[Qgis-developer] Plugins repository policy
larrys at dakotacarto.com
Sat Mar 10 13:41:35 EST 2012
On Sat, Mar 10, 2012 at 10:04 AM, Giuseppe Sucameli
<brush.tyler at gmail.com> wrote:
> Hi Larry,
> On Sat, Mar 10, 2012 at 4:43 PM, Larry Shaffer <larrys at dakotacarto.com> wrote:
>> On Sat, Mar 10, 2012 at 3:04 AM, Alexander Bruy
>> <alexander.bruy at gmail.com> wrote:
>>> We can't be sure that 3rd party binaries are safe and there are no security
>>> risks (especially on Windows). Python code can be verified by user. I know
>>> that not all users are programers but at least this is possible. But verifying
>>> binary file almost impossible.
>> I've been using the Mac version of QGIS, compiled and packaged by a
>> 'third party' (Mr. Kyngesburye), for years. I have run his installers
>> and compiled programs countless times, just as any other regular Mac
>> QGIS user.
> it's not the same...
> If Kyngchaos were not Kyngchaos his packages would not be in the
> QGis download page.
Agreed, though I'm not sure how apparent this is to new Mac users. I
would venture to guess that some users are concerned when a fairly
large-scale open source project links to an individual's web site for
downloads. I certainly don't have any issues with it, but I haven't
been a regular Mac user for quite awhile, so my perspective may be off
the mark on this. Seems I remember a time when standalone versions of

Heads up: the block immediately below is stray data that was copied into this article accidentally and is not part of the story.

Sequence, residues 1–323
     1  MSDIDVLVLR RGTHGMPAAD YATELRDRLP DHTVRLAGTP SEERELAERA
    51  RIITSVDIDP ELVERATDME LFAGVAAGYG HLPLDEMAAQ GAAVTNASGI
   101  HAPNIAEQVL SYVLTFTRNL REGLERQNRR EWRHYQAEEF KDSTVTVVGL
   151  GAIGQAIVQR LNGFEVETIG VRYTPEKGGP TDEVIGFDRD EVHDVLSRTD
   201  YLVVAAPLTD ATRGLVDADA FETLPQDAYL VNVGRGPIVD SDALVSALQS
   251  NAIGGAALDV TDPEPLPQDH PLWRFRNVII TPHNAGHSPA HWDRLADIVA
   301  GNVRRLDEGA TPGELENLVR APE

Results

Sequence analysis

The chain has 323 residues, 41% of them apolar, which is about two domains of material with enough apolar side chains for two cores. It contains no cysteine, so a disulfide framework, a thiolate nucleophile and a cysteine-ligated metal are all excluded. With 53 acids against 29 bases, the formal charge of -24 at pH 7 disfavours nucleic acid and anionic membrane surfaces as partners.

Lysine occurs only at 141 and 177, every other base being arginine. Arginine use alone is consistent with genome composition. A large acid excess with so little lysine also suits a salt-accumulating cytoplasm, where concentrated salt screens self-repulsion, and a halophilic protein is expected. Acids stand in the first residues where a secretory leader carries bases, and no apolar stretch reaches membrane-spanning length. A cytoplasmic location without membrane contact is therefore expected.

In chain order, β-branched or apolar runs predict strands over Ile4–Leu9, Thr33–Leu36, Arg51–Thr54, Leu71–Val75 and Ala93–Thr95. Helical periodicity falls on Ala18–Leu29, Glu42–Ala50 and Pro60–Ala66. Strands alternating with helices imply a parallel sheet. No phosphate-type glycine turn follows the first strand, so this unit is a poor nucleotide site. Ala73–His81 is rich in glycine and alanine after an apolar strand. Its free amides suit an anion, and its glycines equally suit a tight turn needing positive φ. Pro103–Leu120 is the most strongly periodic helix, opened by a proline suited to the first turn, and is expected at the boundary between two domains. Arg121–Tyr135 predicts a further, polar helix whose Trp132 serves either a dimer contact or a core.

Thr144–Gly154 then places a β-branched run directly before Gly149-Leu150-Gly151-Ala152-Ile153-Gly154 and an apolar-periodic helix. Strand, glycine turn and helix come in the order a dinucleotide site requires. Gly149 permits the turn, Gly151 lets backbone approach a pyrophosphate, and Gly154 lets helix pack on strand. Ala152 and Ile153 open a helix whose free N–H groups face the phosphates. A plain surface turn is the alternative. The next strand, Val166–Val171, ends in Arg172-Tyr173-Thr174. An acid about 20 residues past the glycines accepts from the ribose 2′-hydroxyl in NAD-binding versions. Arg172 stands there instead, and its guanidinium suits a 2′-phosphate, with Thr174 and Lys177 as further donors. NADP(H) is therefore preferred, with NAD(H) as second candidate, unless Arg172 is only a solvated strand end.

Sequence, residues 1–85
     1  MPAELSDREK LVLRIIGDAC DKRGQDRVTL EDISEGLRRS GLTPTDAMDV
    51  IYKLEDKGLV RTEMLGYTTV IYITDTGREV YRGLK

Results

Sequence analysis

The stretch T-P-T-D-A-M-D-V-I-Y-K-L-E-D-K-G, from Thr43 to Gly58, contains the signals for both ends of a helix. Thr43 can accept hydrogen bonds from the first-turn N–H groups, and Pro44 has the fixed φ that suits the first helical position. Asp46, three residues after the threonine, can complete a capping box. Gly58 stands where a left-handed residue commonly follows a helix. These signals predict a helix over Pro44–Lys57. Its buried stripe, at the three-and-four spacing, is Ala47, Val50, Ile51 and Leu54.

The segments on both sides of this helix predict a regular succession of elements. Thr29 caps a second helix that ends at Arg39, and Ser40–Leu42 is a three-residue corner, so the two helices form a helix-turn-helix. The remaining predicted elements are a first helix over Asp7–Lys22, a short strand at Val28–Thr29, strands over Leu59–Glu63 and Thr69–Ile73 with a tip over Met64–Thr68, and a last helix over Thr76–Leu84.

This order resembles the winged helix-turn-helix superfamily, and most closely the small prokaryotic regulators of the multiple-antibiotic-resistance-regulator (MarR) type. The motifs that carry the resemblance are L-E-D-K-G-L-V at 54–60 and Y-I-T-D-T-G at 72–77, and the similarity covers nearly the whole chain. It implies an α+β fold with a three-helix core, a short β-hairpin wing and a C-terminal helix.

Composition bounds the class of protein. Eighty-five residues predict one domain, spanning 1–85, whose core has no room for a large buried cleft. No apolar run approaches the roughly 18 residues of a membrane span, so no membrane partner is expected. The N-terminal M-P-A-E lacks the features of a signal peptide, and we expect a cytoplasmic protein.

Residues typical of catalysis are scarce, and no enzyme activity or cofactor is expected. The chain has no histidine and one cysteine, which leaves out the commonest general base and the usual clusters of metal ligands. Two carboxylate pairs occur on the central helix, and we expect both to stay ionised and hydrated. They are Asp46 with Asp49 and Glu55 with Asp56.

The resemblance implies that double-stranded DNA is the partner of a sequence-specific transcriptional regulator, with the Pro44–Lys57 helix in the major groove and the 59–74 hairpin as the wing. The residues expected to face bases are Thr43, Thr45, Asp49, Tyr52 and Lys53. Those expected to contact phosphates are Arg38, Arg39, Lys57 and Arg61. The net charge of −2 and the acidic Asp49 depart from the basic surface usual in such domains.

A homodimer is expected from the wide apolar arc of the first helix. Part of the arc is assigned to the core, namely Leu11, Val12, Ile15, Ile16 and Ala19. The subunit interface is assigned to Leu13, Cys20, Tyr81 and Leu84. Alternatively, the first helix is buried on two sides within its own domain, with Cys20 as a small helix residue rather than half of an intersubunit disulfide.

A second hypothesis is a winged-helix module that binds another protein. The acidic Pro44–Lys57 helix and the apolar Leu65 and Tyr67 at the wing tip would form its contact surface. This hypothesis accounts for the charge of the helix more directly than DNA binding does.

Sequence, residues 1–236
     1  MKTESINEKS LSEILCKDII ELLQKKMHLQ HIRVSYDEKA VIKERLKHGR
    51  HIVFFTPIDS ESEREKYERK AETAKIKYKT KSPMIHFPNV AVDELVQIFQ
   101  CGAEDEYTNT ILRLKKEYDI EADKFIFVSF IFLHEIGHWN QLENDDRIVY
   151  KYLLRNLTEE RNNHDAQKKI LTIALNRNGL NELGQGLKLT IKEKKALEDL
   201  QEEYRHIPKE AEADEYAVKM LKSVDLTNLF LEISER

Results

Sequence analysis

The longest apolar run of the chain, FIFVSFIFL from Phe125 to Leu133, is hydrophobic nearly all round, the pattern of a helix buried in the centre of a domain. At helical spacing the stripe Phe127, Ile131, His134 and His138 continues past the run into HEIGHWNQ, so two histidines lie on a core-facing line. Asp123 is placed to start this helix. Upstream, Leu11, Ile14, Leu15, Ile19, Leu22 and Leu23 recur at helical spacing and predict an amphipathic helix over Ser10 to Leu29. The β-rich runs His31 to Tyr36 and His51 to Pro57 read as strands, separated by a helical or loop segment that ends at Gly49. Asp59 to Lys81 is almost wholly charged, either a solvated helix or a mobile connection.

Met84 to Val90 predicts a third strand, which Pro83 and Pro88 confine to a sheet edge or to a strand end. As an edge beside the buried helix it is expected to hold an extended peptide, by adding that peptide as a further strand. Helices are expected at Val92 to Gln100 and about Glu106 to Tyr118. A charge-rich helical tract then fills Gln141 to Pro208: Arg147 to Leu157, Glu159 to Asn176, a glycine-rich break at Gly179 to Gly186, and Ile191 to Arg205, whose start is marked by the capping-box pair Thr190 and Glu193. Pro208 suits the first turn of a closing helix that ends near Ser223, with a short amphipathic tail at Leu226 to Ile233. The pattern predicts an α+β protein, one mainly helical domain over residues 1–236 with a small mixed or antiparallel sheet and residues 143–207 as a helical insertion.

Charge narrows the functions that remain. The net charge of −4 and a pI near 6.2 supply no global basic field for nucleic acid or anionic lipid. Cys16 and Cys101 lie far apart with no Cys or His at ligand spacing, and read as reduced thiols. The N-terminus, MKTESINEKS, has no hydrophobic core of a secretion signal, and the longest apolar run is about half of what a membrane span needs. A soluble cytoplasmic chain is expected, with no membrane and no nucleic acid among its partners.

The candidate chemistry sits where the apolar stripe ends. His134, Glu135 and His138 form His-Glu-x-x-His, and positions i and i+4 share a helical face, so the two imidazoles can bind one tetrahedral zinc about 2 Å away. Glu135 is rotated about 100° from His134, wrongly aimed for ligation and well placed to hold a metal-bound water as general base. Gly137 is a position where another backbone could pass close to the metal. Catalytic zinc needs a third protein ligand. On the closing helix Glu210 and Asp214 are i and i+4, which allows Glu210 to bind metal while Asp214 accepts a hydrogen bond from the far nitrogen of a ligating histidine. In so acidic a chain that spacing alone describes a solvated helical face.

QGIS were available via the qgis.org site as well. Like other users I
went with Kyngchaos.com because his installers offer more versatility,
e.g. frameworks, offer a more complete workflow, with GRASS, etc., and
are diligently prepared.
>> This should be the same for plugins. Let the user decide.
> I do not agree.
> In the plugins repo anyone can create a new plugin then would
> be very unsafe to allow compiled code which nobody can verify.
> The user expects that a plugin in the QGis repository is safe,
> otherwise this can strongly damage the QGis reputation.
I agree 100%. Sorry if my words may have implied I think compiled
software should be in the Official plugin repo. That would bad, as you
have noted. Let me clarify... by plugin installer, I, by proxy, guess
I meant the base repo as well. Isn't there a movement away from third
party repos entirely? When is that anticipated?
>> However, the
>> user should be informed, if a plugin requires additional software,
>> regardless of origin, at the appropriate time.
> +1, this work is partially done from the plugins installer which shows
> a message when a python module is missing, but the message not
> enough intuitive for users.
> Let's try to simplify the life to users:
> if the plugin's author adds important information (e.g. required libs) to
> a README file, the plugins repo may display them in the plugin
> page (like GitHub does).
> Wouldn't it be enough?
Yes. How about a bit further and have __init__.py/metadata sections
listing external dependencies and a description of what they are for?
(Or have I missed that option?) Then the user can be warned
programmatically even if they have downloaded and manually installed
the plugin. User warned on attempted load of plugin, regardless of how
installed. Similar to the notifications for dependencies in Linux
package managers, but not to the point of exhibiting loading errors,
like with missing Python modules.
Similar side note: Here is the not-quite-finished, 'component missing'
notification and link to small installer that I am planning for my
plugin release . With my plugin's approach, a user can install the
base Python plugin, peruse the documentation, tutorial and partial
tool set, then judge if they want to download the additional installer
or uninstall the plugin.
Black Hills, South Dakota
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